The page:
Footprint of the Atomic Age in the world’s oceans

Hiroshima_sm.jpgNews outlets enjoyed a field day last month reporting on the amazing vitality of Porites sp. coral colonies in the South Pacific Bikini Atoll where Americans tested the fifth most powerful atom bomb ever exploded 54 years ago. The Bravo bomb was a 1000 times more powerful than the bomb at Hiroshima. It vaporized three islands, raised water temperatures to 55,000 degrees, rocked islands 200km away and left a crater 2km wide and 73m deep. According to a recent field survey, the crater is filled today with luxuriant coral beds.

Trees of branching Porites coral up to 8m high have been established, creating thriving reef habitat in what should be an atomic wasteland.

Chris Rowan of Highly Allocthonous covered the story with pictures that clearly indicate large and healthy colonies of branching scleractinia. About 50 species of coral previously known from the site were gone from the reef though…

“probably due to the 23 bombs that were exploded there from 1946-58, or the resulting radioactivity … ambient gamma radiation on the residential island of Bikini atoll was fairly low – but when [researcher Maria Beger] put the Geiger counter near a coconut, which accumulates radioactive material from the soil, it went berserk.”

That’s hot. Reef building corals are incredibly resilient. The missing coral species are fragile lagoonal specialists that have yet to recover. But Rick MacPherson of Malaria, Bedbugs, Sea Lice, and Sunsets points out that ecological connectivity played an important role in the rate of the reef recovery. Bikini got lucky. New larvae were likely imported from nearby Rongelap Atoll, a large healthy upstream reef system where atomic testing was not conducted.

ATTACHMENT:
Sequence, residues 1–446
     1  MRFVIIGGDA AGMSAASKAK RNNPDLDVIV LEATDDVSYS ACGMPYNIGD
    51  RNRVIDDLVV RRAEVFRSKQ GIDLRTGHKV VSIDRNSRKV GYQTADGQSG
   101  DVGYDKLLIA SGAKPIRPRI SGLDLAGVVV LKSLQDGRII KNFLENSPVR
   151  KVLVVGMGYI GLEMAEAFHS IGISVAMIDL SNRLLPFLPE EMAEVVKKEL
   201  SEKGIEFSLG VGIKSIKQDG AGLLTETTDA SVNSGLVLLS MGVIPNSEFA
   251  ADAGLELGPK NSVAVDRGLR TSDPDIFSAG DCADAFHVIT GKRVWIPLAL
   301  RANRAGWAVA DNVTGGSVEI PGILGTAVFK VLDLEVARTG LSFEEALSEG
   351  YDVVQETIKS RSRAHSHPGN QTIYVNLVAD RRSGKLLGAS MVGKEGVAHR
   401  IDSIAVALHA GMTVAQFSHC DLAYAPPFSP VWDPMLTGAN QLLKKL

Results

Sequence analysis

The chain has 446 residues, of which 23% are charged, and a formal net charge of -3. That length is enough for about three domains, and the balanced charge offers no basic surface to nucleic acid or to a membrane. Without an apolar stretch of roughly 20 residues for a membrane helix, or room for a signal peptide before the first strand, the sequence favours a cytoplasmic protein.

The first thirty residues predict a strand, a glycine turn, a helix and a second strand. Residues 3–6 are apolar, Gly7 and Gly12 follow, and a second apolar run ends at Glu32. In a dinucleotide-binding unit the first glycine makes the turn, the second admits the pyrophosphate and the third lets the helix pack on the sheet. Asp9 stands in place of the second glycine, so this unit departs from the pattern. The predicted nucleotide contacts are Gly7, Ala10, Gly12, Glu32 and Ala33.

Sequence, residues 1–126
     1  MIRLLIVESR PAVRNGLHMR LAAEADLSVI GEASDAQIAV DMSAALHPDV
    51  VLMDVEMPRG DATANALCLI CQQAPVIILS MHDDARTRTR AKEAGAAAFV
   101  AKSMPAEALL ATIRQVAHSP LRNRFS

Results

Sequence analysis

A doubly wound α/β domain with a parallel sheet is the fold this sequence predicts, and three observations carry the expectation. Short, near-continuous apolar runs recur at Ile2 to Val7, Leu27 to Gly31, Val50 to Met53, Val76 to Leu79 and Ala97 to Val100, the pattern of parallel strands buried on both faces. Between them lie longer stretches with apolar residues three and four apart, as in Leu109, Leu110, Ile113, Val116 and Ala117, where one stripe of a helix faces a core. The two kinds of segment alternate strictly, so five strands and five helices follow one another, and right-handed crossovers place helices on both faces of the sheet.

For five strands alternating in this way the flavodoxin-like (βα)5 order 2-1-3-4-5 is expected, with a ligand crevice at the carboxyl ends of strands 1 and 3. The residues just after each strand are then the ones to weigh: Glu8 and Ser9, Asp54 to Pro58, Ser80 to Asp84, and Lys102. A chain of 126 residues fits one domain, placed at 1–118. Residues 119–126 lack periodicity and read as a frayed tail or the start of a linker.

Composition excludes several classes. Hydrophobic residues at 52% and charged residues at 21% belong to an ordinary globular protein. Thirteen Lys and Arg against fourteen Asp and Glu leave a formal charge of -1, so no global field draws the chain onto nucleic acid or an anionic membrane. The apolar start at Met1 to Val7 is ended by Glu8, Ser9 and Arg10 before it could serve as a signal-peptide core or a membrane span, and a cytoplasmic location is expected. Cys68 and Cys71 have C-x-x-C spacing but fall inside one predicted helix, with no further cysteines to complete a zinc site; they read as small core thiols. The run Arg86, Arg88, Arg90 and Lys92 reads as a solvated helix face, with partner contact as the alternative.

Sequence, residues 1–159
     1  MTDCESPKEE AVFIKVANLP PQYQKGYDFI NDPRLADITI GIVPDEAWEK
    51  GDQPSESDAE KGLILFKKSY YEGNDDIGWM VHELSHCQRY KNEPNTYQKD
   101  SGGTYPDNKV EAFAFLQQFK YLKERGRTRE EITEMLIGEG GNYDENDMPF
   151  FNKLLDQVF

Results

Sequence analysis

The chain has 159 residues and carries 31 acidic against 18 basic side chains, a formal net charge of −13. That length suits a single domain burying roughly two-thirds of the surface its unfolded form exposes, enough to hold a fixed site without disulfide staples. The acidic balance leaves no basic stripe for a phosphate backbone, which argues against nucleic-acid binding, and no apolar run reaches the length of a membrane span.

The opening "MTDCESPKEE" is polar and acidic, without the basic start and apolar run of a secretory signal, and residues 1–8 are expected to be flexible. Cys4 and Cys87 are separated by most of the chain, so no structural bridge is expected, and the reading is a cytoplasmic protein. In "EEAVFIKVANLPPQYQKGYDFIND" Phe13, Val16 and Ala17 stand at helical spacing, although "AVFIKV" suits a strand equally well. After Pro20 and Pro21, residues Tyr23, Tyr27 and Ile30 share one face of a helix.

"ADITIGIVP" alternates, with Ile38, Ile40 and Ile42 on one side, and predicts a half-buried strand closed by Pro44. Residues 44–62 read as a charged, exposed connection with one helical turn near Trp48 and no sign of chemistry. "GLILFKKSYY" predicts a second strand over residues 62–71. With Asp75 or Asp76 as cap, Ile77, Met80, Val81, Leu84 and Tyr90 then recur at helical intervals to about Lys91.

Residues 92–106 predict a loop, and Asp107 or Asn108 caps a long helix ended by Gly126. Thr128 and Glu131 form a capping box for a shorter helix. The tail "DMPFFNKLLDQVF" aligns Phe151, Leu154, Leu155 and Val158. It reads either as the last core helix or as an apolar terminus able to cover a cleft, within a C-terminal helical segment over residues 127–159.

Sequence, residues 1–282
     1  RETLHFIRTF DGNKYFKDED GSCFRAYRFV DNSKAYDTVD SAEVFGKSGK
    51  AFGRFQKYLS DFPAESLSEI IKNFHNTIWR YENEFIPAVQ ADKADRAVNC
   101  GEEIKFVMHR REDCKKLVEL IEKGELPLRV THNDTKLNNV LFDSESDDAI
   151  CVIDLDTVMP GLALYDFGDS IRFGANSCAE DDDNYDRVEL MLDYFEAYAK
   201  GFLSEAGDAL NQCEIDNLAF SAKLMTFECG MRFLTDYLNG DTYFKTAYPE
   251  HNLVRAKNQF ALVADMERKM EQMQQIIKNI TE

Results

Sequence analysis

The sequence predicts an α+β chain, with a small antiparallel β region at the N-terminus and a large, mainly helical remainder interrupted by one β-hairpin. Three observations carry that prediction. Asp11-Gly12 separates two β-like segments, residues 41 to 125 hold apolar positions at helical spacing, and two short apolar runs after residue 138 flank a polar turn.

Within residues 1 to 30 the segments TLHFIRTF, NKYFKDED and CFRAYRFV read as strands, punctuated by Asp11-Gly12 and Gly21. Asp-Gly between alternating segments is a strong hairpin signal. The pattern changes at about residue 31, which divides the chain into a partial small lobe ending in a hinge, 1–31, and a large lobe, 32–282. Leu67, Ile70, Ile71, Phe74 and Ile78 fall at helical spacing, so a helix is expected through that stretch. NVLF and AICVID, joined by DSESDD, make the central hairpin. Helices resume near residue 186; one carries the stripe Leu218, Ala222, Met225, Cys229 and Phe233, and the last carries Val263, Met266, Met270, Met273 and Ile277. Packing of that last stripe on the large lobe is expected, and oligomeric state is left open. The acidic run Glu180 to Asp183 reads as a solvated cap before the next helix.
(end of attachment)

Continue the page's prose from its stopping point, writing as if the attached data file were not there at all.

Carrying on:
noaa_bamboo_sm.jpgOne thing missing from the discussion so far is the fact that the radiocarbon signature of wartime aggression and atomic testing in the 1950’s is currently present in the otoliths of fish and the skeletons of shallow and deep-sea corals around the world. Those wartime years left a global footprint on the world’s oceans.

For example, deep sea researcher Brendan Roark of Texas A&M and colleagues collected a bamboo coral from a Northeast Pacific seamount peak 700m deep in the Gulf of Alaska in 2002. The team used laser ablation techniques on a cross section of the coral to identify a Carbon 14 spike in the axis of the skeleton, and then used that benchmark to determine the coral’s age somewhere between 75-125 years old.

It’s amazing, isn’t it, that the Atomic Era left an indelible mark on the world’s oceans, and that science still finds this quite useful. A big question remains. Reef corals can survive a nuclear attack, but will they survive the onset of climate change?